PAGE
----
“The importance of this bill’s emphasis on facilitating the expungement the criminal records of individuals for marijuana possession cannot be overstated. Millions of individuals have suffered from the lifelong collateral consequences of criminal prohibition, making it harder for them to find a job, obtain housing, and access higher education.”

    “This bill is a welcomed shift of policy from Democratic party leadership. At a time when 68 percent of Americans support marijuana legalization, including outright majorities of Democrats (77 percent), Independents (62 percent), and Republicans (57 percent), it is time for ending federal prohibition to become a truly bipartisan issue.”

    Senator Schumer said upon the bill’s introduction:

    “The time to decriminalize marijuana is now,” said Senator Schumer. “The new Marijuana Freedom and Opportunity Act is about giving states the freedom to be the laboratories that they should be and giving Americans – especially women and minority business owners as well as those convicted of simple possession of marijuana intended for personal use- the opportunity to succeed in today’s economy. This legislation is simply the right thing to do and I am hopeful that the balanced approach it takes can earn bipartisan support in Congress and across the country.”

    Click here to send a message to your Senators and encourage their support for the Marijuana Freedom and Opportunity Act. 

  • by Erik Altieri, NORML Executive Director

    Representative Jared Polis, who was endorsed by NORML PAC, scored a resounding victory in Colorado’s Democratic primary for governor.

    The results from the Democratic gubernatorial primary are not just a victory for Jared Polis and supporters of sensible marijuana policy, they are a victory for anyone who believes that our prohibition on marijuana is a failure and that states should be free to set their own policies when it comes to cannabis, free from federal incursion. Jared Polis has been the preeminent champion for ending our nation’s failed federal prohibition on marijuana while in Congress and an unrelenting force in standing up for Colorado’s legalization and medical marijuana laws. Just as he has always stood and fought by our side against federal prohibition, we will continue to fight for Jared Polis until he takes his rightful place in the governor’s mansion.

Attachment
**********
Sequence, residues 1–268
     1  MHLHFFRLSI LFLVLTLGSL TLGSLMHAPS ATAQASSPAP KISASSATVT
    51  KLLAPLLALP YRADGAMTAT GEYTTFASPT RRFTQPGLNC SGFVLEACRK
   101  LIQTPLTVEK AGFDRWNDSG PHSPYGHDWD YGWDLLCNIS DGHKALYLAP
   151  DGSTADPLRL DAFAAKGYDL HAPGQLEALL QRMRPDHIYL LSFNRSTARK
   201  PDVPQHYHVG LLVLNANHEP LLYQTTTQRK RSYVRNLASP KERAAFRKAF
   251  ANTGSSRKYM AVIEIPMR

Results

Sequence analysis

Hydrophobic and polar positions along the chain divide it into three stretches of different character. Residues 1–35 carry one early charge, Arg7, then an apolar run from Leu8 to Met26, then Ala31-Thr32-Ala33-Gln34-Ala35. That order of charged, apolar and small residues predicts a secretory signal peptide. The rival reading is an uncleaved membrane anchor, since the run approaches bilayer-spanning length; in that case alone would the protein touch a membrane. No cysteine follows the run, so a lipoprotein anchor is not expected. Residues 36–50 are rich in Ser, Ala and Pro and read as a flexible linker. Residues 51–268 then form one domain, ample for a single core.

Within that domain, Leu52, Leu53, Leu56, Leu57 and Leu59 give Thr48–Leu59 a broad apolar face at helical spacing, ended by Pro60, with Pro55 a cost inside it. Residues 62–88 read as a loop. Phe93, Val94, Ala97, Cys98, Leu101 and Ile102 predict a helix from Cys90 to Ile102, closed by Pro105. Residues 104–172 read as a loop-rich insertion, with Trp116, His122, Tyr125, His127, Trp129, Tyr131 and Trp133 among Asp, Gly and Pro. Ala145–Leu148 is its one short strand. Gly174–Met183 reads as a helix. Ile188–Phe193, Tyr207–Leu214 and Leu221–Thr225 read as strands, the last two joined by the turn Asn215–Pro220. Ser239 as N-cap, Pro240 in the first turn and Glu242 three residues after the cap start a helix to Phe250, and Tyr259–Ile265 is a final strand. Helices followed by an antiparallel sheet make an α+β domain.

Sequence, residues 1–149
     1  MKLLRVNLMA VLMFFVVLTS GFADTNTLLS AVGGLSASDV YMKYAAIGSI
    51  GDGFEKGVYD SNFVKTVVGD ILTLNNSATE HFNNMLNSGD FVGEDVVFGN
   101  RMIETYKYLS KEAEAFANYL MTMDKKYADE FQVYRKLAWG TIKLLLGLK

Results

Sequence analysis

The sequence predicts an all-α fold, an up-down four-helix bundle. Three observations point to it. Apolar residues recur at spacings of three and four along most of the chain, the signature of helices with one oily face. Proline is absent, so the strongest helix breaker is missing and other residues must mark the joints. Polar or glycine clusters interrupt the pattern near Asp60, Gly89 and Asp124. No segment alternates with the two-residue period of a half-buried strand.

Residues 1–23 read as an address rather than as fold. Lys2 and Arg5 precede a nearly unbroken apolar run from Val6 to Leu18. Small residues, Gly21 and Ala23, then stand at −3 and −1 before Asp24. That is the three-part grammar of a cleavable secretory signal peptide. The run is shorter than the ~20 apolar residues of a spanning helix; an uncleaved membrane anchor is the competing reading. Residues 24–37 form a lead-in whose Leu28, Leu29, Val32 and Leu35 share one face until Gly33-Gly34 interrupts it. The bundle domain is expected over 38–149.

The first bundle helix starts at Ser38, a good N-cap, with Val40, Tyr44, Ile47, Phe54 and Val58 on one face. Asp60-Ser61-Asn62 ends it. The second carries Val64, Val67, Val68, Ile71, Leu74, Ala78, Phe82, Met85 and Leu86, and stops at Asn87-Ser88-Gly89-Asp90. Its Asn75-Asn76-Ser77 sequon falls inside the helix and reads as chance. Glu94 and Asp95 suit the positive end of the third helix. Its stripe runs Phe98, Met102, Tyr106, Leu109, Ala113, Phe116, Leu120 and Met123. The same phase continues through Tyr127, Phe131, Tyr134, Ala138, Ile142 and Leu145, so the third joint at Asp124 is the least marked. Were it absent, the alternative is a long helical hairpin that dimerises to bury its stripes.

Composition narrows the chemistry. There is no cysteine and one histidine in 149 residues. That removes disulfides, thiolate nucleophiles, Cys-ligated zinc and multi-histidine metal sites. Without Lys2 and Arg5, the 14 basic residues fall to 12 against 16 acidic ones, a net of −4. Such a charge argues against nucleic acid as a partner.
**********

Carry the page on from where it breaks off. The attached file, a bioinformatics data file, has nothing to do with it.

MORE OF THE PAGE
Upon receiving our endorsement, Polis stated, “I’ve been proud to lead the fight for cannabis reform in Congress, and NORML has been an incredibly valuable partner in that effort, Here in Colorado, we’ve proven that legal cannabis creates jobs; funds schools, not cartels; and boosts our economy, not our prison population, and I look forward to growing this industry. It’s an honor to have NORML’s endorsement, and I will proudly stand with them against Jeff Sessions or anyone else who tries to come after legal cannabis in Colorado.”

    To learn more about Jared’s campaign and find out how you can help him win in November CLICK HERE.

  • by NORML June 26, 2018

    Sooner state is the 31st state to legalize and regulate medical cannabis access

    A majority of Oklahomans today voted to enact State Question 788 a statewide voter-initiated measure that permits doctors to use their discretion to recommend medical cannabis to those patients who will benefit from it. Oklahoma is now the 31st state to legalize and regulate the use of medical cannabis under state law.

    “Public support for medical marijuana access is non-partisan,” NORML Deputy Director Paul Armentano said. “Even in a predominantly ‘red’ state like Oklahoma, it is the will of the voters to enact common sense, yet significant marijuana law reforms.”

    He continued, “The ongoing expansion of compassionate medical marijuana in states like Oklahoma places additional pressure upon Congress to take action to end this existing state/federal conflict. It is time for members to move forward with legislation like The States Act or The Ending Federal Marijuana Prohibition Act, which would allow states the flexibility and autonomy to regulate cannabis as best they see fit — free from the looming threat of undue federal intervention.”